"If you do not control the apparatus of government, your ideas are over here and government is over here," said the Montclair-based senator and trial attorney, whospread her arms. "Obama has ideas but no experience."(Pizarro,



Gov. Jon Corzine rejected a bill yesterday that would have let families sue for emotional damages in wrongful death cases — a move that disappointed consumer advocates and trial lawyers but pleased business and local government leaders.

Corzine also wrapped up the 2006-07 legislative session by approving pay raises for judges and prosecutors, creating a recycling program for computers and other electronics, and allowing some towns to install cameras at intersections to curb dangerous driving.

The wrongful death bill (S176/A1511) would have let immediate family members seek monetary damages for mental anguish and emotional pain in cases where someone is found liable for the death of their loved one. Under current law, awards are based on a victim's economic worth and earning potential, which limits awards involving children and retired and disabled people.

Corzine issued a "pocket veto" by declining to sign the bill before yesterday's constitutional deadline. He said he feared it would drive up the cost of running government and businesses.

"Unlimited damages based on emotional anguish or pain and suffering could have a significant impact on state and local budgets," Corzine said in a statement. "Unfortunately, I do not believe that this bill in its current form strikes a fair balance." (Livio and Howlett, Star-Ledger)

New Jersey judges are now among the highest-paid in the nation and municipalities can use cameras to nab drivers running red lights under laws signed by Gov. Corzine.

The judicial pay increases follow a 5.7 percent pay raise last year. Judges will get an 11 percent pay hike and county prosecutors a 17 percent increase.

The raises, along with the other bills signed Monday, were approved last week on the final day of the legislative session and had to be signed by noon yesterday.

Under the bill, Superior Court judges get $165,000 a year, up from $149,000; appellate judges $175,600 a year, up from $158,500; associate Supreme Court justices $185,500 a year, up from $167,500; and the chief justice $192,795 a year, up from $173,500.(Hester, AP)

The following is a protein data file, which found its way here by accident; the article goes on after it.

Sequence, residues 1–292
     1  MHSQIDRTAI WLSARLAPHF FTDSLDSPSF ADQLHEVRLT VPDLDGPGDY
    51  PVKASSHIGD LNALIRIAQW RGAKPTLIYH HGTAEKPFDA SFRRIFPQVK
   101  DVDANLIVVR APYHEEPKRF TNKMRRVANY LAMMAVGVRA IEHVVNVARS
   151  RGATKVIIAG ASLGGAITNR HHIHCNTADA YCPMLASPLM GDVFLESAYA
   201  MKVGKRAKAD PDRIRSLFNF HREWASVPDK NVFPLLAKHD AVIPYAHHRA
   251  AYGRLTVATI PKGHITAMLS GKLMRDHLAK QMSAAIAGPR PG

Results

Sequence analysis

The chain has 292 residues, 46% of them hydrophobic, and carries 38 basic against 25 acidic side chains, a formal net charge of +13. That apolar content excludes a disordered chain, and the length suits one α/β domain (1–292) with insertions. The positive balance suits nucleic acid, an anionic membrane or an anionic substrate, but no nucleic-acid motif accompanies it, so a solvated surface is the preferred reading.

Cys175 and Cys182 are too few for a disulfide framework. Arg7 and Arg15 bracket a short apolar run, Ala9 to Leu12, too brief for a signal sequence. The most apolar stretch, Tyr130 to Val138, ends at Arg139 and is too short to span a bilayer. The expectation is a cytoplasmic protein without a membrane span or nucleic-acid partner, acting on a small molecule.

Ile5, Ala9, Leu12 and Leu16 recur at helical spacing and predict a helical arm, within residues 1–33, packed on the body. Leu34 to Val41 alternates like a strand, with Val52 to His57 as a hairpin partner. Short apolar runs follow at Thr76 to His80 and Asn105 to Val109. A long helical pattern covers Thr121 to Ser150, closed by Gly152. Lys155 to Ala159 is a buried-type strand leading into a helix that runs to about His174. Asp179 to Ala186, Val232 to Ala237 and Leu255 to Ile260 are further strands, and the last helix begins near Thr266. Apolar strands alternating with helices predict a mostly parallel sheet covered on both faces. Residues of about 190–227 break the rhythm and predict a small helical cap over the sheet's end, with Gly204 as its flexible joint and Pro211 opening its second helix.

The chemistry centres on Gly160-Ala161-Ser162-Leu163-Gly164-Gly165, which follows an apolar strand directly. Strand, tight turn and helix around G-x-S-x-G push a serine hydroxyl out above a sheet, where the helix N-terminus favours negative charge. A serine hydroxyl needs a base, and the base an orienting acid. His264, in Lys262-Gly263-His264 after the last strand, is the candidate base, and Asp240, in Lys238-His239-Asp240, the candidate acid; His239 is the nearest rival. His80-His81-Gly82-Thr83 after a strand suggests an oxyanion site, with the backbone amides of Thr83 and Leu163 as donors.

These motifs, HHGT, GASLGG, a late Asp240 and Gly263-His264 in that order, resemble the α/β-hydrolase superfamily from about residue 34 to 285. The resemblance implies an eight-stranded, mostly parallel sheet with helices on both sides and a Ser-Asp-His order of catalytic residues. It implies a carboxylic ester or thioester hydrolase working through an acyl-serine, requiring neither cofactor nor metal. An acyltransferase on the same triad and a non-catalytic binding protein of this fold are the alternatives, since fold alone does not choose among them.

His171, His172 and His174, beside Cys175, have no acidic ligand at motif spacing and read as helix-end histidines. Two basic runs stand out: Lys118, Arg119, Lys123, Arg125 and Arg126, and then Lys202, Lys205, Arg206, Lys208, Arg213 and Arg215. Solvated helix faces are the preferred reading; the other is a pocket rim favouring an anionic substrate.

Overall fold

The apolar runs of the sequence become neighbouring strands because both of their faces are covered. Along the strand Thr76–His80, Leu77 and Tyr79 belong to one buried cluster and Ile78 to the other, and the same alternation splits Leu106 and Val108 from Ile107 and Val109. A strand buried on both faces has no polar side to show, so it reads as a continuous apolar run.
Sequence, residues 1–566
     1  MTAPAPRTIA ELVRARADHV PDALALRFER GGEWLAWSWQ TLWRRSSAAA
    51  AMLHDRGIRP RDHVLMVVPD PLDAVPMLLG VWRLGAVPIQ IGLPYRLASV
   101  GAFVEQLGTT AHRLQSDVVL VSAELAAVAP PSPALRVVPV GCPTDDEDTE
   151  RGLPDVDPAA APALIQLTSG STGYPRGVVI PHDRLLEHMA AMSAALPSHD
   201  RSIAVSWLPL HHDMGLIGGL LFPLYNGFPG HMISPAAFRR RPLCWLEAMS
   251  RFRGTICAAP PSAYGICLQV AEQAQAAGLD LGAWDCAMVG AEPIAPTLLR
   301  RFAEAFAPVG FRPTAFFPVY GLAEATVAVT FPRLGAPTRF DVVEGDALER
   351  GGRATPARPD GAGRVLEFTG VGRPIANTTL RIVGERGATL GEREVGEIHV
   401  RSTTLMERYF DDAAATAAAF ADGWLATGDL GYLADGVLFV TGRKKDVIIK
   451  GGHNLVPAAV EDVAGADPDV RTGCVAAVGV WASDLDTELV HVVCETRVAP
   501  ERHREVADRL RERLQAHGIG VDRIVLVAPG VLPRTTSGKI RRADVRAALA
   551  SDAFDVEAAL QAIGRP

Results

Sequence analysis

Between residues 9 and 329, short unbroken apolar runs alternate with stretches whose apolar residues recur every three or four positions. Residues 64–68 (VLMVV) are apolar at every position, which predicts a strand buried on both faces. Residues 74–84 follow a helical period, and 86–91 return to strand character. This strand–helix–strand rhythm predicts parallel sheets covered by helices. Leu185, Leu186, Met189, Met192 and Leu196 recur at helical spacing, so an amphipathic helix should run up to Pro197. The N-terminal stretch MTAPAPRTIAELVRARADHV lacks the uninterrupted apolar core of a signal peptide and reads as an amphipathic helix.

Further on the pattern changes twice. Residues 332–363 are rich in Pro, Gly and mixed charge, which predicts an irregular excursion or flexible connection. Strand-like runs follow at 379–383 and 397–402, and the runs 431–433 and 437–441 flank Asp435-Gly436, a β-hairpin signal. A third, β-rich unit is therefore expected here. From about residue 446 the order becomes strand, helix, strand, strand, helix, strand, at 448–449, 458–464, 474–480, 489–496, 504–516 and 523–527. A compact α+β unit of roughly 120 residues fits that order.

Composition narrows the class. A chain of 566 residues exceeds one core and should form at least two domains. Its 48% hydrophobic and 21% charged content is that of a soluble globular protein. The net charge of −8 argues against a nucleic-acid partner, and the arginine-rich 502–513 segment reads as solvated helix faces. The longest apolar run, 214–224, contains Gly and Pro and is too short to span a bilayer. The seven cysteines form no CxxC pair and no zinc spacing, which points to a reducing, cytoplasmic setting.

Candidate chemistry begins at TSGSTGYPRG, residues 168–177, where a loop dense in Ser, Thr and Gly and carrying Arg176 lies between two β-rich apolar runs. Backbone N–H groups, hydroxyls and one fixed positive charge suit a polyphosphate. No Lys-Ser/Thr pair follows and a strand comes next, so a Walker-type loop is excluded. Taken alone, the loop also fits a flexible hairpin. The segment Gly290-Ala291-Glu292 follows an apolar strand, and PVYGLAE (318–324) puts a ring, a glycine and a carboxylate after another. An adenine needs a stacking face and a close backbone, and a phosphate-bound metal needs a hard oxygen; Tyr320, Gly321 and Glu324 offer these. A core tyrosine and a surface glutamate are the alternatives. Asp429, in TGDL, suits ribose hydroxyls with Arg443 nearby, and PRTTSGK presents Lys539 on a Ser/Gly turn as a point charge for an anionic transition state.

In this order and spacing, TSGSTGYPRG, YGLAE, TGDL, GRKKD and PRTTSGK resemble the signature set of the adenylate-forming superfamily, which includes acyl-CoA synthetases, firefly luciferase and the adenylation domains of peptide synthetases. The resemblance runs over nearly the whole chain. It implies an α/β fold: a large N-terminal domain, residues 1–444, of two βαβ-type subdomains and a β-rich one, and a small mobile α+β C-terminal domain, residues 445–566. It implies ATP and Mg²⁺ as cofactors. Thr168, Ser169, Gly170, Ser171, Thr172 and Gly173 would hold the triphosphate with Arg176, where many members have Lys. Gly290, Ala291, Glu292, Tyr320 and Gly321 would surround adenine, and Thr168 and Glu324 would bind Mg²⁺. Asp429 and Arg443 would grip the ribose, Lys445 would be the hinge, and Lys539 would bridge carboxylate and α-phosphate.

A half-century is long enough.

Ralph Peterson – who has served as the city's mayor for 15 years – will not seek re-election this year, he announced Tuesday. Instead, he held a press conference outside City Hall to endorse City Council President Jesse Tweedle to be his successor.

The date was important. It was 50 years ago that Peterson joined the city's Police Department. He would serve 33½ years on the force, the last 10 as the city's first black police chief. Peterson said leaving will be difficult, but "it's time. It's time to go home."

"I'm not going to be a lame-duck mayor," he promised, citing planned construction in the city, including waterfront development. (Cohen, Press of Atlantic City)


The question of which party will lead the Mercer County Board of Elections will remain unresolved for at least a few more days, but Republican Chairman Dominic Magnolo has scored a preliminary victory to keep his seat.

The state Attorney General's office has made a "preliminary analysis" that Magnolo was legally sworn into office when he was given an oath of office by Anthony Massi, a municipal court judge.

Deputy Attorney General Julie Cavanagh informed board members of the analysis at a meeting scheduled last night. The board conducted business but delayed holding its reorganization.

Democratic board Secretary Marge Caldwell-Wilson maintains that state law required Magnolo to be sworn in by County Clerk Paula Sollami-Covello.

"There is nothing that I have found (in state law) that this is appropriate," Caldwell-Wilson said of Magnolo's swearing-in. (Kitchenman, Trenton Times)



A wave of Mercer County residents registered by yesterday's deadline to vote in the Feb. 5 presidential primary.

Both first-time voters and residents who recently moved expressed enthusiasm for the opportunity to vote in the primary, which will occur on the same day as nearly half the primaries across the country.

"It's something I've been meaning to do, but never got around to it," Lawrence resident Hammad Bashir said.

Bashir, 26, joined a steady flow of newly registered voters at the county superintendent of elections office. He said is considering voting for Barack Obama in the Democratic primary.